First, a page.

In Aspen’s genteel West End, a neighborhood dotted with Victorian houses, Jan Greenberg’s Bauhaus box is the ideal setting for works by the modernist giants whom her husband, Ronald Greenberg, started showing in his eponymous St. Louis gallery in 1972. It is no less hospitable a place for works by the contemporary artists whom the Greenbergs’ daughter, Jeanne Greenberg Rohatyn, shows at her New York gallery, Salon 94. (“Jeanne’s our eyes and ears in New York,” Greenberg says.) For her part, Jan has always been attracted to minimalist art—a Donald Judd stack in her St. Louis kitchen is among her treasures—and to gestural painting such as the Sam Francis hanging above the fireplace. There is also rare Diego Giacometti furniture from Ronald’s visits to the artist’s Paris studio; he would bring Giacometti a bottle of bourbon and leave with a lamp. Jan is a prolific coauthor of books for children about contemporary artists (Chuck Close, Cindy Sherman), and a tireless advocate of arts education. She’s not alone. “Aspen got very glamorous, but it’s full of do-gooders,” she says.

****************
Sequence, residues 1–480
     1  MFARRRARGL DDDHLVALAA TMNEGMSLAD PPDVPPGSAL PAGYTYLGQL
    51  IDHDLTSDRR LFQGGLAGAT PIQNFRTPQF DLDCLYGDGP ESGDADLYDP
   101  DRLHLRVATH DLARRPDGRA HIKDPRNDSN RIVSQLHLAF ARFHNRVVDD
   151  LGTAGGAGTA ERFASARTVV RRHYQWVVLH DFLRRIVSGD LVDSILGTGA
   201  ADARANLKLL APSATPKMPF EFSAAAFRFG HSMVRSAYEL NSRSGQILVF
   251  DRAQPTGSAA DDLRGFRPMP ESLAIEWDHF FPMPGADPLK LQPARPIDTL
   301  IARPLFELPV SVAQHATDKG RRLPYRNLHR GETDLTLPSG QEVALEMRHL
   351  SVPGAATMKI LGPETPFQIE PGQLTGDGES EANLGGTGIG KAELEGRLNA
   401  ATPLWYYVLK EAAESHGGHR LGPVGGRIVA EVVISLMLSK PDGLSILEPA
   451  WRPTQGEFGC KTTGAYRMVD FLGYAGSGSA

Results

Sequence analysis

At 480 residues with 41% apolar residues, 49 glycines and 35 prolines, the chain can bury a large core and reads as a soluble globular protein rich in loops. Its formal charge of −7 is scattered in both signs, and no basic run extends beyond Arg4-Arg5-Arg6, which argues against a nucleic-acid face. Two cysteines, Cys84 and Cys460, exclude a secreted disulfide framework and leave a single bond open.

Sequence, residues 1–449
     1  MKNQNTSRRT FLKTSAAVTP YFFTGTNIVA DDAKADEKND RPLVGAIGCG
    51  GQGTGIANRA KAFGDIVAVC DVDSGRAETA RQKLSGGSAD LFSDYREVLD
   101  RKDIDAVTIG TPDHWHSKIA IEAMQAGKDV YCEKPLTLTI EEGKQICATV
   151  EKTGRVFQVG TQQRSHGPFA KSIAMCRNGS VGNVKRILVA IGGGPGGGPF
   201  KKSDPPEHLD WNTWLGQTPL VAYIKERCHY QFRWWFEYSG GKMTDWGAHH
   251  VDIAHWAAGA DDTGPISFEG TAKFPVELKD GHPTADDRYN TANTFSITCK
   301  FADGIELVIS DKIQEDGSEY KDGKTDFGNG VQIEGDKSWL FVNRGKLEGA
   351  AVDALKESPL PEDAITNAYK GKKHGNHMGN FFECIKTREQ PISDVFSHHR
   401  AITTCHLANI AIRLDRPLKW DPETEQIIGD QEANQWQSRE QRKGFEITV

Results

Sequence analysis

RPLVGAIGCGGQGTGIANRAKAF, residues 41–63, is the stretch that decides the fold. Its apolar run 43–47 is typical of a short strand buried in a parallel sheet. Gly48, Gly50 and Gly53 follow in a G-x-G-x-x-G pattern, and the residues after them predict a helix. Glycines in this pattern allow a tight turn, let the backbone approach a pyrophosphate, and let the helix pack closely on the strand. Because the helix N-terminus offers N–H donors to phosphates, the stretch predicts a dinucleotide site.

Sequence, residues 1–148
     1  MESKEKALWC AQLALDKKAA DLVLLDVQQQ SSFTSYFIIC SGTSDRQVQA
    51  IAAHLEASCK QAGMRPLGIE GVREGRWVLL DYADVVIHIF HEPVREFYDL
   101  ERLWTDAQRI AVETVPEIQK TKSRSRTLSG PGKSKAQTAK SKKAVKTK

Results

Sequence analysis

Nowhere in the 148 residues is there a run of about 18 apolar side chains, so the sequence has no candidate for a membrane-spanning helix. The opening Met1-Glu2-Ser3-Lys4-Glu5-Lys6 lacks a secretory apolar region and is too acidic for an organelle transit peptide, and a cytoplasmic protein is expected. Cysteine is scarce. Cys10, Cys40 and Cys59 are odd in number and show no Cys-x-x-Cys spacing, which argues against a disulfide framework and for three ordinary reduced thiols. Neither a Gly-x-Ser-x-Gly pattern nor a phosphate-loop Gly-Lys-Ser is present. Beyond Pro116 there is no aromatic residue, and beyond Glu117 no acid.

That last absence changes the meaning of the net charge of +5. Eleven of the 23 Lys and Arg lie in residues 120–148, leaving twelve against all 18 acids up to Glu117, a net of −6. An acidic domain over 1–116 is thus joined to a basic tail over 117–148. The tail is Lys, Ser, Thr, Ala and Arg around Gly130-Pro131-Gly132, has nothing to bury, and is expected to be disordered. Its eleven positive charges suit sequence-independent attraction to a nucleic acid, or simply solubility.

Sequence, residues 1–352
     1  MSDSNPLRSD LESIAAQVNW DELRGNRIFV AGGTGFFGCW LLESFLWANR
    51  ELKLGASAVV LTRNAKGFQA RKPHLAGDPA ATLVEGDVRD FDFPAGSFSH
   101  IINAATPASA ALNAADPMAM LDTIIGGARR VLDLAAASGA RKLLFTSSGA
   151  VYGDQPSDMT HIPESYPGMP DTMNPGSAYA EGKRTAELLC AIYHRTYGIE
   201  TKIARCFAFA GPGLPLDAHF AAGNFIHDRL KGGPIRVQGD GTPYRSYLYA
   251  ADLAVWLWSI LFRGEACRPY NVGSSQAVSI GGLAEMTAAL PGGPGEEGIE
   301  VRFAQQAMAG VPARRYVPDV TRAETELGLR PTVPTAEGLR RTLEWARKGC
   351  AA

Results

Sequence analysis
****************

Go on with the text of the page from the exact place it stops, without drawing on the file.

“I’m not sure how I got here, but I sure am thankful for it,” Amy Phelan says. A former Dallas Cowboys cheerleader, she is also a daring and deeply thoughtful champion of contemporary art and, to quote one of her Aspen neighbors, “beyond philanthropic.” WineCrush, which she and her husband, John, a financier, host as part of the annual weeklong fundraising extravaganza ArtCrush, helped raise $2.5 million for the Aspen Art Museum last year. “When we began collecting, we bought safe things,” Phelan says. “A Chagall, a Picasso. Then we started going to Chelsea, to art fairs. We got a Thomas Ruff photograph, and from then on, everything else felt like my grandparents.” The Phelans buy what they like, with humor and sex the dominant themes. Each summer, they reinstall the art in their Aspen home. There are major Ellsworth Kellys, Warhol’s Dolly Parton (“the queen mother,” Amy calls her), and numerous works by the Phelans’ friend Jim Hodges. In a downstairs bedroom, a video still from John Waters’s Shut Up and Blow Me! hangs over the fireplace. Phelan doesn’t worry about frightening her guests: “If they minded, they wouldn’t be allowed to stay here.”Follow Us: